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Women in Technology Leadership | Organizational Structure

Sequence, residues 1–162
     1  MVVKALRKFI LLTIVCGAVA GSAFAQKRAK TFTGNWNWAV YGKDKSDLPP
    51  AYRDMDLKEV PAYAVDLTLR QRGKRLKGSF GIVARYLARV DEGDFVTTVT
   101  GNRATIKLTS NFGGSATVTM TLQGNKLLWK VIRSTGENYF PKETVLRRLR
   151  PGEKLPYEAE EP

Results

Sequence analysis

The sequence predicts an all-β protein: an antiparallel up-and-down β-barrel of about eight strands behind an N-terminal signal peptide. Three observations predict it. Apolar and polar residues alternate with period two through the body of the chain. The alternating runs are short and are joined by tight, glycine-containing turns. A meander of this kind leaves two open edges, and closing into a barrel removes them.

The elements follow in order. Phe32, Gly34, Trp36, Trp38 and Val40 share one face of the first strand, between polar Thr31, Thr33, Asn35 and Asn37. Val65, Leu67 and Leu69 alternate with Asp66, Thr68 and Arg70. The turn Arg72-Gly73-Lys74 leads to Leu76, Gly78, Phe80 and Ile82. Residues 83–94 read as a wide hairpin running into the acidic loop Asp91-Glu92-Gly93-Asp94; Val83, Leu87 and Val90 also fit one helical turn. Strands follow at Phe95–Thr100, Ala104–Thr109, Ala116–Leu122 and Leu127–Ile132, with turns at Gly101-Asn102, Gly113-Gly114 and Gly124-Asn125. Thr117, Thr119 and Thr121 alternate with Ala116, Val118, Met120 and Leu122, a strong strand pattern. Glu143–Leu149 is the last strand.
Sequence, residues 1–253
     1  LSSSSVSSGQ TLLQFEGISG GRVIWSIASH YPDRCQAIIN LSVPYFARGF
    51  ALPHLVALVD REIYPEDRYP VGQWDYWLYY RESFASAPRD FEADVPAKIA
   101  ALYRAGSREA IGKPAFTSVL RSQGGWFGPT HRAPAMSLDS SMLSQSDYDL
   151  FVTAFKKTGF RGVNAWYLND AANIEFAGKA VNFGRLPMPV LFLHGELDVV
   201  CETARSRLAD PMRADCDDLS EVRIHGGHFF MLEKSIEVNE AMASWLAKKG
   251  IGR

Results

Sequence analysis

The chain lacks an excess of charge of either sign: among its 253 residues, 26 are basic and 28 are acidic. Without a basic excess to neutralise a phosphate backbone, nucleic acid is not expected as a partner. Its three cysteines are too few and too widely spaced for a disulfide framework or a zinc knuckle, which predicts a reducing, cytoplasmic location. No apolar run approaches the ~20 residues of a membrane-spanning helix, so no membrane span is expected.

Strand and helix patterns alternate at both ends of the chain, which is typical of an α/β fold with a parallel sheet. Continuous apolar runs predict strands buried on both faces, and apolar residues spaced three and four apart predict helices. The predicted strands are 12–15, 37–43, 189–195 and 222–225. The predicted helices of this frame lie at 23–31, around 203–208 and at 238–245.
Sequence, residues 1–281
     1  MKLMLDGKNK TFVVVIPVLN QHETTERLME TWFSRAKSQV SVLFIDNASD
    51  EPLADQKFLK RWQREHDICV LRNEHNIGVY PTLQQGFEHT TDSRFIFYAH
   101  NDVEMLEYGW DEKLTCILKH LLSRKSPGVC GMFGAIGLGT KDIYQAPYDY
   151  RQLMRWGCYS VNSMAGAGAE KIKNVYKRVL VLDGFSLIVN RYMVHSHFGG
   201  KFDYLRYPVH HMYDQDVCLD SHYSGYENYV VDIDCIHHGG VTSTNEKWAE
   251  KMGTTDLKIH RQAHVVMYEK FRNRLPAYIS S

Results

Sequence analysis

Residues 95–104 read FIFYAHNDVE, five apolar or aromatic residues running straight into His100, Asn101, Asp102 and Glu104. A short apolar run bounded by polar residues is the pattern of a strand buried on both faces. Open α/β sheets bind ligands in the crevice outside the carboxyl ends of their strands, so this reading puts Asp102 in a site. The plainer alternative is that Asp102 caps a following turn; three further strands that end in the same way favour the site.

Over the past several decades, academic scholars set out to analyze the life history of organizations based on a commonality of organizational forms (Child & Rodrigues, 2003; Hsu & Hannan, 2005). Hsu and Hannan (2005) wrote that the result of this process can benefit existing and future organizations by providing standards and theoretical foundations common to those organizations that have experienced some measure of success. Child and Rodrigues (2003) wrote that the study of organizational form is a frequently explored theme in management and business literature. However, no agreed upon definition of organizational form exists (Hsu & Hannan, 2005). Organizational structure, or organizational form, is defined by Dijksterhuis, Van den Bosch, and Volberda (1999) as “aligning organization and environment by integrating the enterprise’s existing resources to current demand” (p. 569). Manzanares, Rico, and Gil (2008) offered an alternate definition of organizational form by suggesting it is the structure created to achieve objectives that were developed in a rational manner.